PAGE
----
Comparing the internal markets

The UK Government’s view is that the UK internal market will be more democratic than the EU Single Market, because the UK and devolved governments will be able to exercise responsibilities that formerly rested with the EU. In evidence to the Welsh Affairs Committee on 10 September, the Secretary of State for Wales argued that the UK internal market would be a step forward “in democratic and economic terms”. However, the Welsh Government disagrees. The Welsh Government argues that in the EU Single Market, Member States make the rules jointly. Under the Bill, only the UK Government and Parliament would make the rules.

The Welsh Government also argues that the EU Single Market protects governments’ autonomy to make their own policies by allowing governments to introduce laws that prevent the free movement of goods and services, provided these can be justified on proportional public interest grounds such as environmental standards or consumer protection. Under the Internal Market Bill, governments would only be able to justify exclusions from mutual recognition and non-discrimination for limited reasons, such as public health or animal and plant health emergencies. This paper by Dr Kathryn Wright from York University produced for Senedd Committees summarises the exclusions allowed under the rules of the EU Single Market. It explains why the Scottish Parliament was able to legislate for a minimum unit price for alcohol, even though it contradicted some of the rules of the Single Market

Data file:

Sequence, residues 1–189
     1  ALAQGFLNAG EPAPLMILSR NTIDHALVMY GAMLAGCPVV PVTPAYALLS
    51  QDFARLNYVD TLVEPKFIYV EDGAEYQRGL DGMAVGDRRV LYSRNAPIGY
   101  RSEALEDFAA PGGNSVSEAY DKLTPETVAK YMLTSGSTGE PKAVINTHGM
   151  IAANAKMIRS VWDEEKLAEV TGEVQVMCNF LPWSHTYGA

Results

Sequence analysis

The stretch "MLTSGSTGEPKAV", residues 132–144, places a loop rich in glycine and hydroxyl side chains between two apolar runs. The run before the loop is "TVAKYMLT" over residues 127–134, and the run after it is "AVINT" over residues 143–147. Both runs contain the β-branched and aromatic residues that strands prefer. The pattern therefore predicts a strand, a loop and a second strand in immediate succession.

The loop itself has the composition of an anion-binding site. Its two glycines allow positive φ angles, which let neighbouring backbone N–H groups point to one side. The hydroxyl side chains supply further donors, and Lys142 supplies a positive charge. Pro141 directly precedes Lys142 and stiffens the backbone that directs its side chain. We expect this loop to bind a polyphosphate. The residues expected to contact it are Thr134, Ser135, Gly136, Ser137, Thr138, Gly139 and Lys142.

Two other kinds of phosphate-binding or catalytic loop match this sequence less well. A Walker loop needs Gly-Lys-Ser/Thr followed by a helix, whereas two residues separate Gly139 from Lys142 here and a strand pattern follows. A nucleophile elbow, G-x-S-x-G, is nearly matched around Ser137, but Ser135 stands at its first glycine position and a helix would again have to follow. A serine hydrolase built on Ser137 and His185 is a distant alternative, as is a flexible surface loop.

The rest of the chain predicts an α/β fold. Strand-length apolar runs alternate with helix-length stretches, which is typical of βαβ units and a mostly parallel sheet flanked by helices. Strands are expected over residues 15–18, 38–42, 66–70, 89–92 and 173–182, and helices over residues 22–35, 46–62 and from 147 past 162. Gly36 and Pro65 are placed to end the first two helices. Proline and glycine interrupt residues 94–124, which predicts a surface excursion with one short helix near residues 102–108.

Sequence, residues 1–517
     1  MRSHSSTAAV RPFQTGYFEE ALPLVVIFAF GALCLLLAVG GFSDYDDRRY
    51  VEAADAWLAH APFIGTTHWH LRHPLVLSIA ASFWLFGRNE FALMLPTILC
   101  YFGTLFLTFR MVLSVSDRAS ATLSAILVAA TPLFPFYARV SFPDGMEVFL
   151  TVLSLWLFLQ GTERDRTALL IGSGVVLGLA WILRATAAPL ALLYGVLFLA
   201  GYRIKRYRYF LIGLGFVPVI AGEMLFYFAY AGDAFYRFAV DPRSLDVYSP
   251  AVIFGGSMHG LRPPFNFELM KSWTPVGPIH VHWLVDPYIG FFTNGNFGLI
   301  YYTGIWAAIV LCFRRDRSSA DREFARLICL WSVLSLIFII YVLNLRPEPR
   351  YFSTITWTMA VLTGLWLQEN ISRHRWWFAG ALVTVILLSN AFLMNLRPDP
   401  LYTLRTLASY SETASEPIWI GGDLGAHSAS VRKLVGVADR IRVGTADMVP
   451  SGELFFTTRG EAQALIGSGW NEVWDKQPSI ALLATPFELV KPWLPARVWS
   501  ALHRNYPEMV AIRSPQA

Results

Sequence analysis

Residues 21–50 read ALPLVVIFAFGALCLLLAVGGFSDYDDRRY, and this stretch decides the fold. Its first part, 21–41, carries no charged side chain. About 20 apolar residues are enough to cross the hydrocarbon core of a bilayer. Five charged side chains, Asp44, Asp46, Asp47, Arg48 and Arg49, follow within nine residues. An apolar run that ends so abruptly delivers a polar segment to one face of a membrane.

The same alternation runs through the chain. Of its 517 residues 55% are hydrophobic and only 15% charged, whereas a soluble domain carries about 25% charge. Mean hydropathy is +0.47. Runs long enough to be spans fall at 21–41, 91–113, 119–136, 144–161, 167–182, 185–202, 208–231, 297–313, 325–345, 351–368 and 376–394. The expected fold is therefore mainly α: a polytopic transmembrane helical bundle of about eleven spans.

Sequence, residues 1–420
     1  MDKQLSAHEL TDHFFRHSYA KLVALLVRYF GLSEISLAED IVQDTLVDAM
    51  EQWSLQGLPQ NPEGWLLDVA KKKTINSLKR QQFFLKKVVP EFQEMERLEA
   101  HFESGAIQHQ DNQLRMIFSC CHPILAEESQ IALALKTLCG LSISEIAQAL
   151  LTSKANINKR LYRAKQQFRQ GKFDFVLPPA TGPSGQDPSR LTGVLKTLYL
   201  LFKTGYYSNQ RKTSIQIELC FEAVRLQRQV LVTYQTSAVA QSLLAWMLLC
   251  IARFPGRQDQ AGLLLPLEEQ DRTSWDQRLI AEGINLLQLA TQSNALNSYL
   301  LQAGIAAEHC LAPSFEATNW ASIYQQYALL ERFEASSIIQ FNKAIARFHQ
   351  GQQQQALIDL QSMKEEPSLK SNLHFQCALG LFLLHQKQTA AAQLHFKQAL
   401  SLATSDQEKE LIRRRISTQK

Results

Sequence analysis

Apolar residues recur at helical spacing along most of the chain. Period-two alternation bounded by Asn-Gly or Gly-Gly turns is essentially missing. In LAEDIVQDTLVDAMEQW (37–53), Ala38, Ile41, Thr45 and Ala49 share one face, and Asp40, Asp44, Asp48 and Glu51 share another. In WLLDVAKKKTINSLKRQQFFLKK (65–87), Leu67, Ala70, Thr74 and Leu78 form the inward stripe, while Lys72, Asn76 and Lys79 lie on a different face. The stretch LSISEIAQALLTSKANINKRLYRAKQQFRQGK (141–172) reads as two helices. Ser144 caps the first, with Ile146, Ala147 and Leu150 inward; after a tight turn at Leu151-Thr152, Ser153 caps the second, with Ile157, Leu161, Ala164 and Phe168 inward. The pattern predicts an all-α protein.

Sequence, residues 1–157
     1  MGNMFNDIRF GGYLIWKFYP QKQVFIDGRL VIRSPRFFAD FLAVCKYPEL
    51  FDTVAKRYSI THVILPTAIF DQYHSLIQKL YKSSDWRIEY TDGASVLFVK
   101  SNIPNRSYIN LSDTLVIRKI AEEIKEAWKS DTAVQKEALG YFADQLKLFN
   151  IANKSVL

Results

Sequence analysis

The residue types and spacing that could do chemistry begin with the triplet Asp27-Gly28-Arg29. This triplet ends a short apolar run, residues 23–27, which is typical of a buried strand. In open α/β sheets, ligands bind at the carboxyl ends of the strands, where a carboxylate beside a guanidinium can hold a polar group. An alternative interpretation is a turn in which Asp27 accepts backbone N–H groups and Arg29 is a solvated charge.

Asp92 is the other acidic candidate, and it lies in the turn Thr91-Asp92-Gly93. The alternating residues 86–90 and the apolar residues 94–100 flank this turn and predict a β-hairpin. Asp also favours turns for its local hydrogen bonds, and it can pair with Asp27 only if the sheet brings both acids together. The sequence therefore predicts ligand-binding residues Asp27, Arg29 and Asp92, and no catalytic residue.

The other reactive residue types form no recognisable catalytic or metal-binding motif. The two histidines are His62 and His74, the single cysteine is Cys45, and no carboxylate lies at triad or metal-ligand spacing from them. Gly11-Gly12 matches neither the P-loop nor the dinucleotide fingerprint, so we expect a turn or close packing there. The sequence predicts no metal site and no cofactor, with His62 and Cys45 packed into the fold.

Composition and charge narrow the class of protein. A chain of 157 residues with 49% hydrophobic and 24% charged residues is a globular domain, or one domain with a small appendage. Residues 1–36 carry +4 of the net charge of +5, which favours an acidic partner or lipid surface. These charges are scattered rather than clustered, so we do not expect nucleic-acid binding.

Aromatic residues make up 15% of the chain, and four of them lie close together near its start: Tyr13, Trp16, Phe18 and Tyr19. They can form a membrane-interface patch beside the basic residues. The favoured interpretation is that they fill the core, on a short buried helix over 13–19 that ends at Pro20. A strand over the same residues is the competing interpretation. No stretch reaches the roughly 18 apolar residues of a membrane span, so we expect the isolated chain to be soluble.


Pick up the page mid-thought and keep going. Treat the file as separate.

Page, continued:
Going further back in time, the UK Government argues that the Bill’s approach is consistent with how the internal market used to work before the UK ever joined the European Community. However, the devolved governments contest this too. In its response to the White Paper, the Scottish Government says:

The framework for executive and legislative decision making in the UK was changed fundamentally by devolution in 1998 which created sources of legislative and executive authority beyond Westminster and Whitehall.

Next steps

The Welsh Government’s Counsel General has said that he believes there is ‘no prospect’ of the Senedd granting its consent to the Bill. To find out more about the Bill and how it would affect devolution in practice, you can read our research briefing.

Article by Nia Moss and Lucy Valsamidis, Senedd Research, Welsh Parliament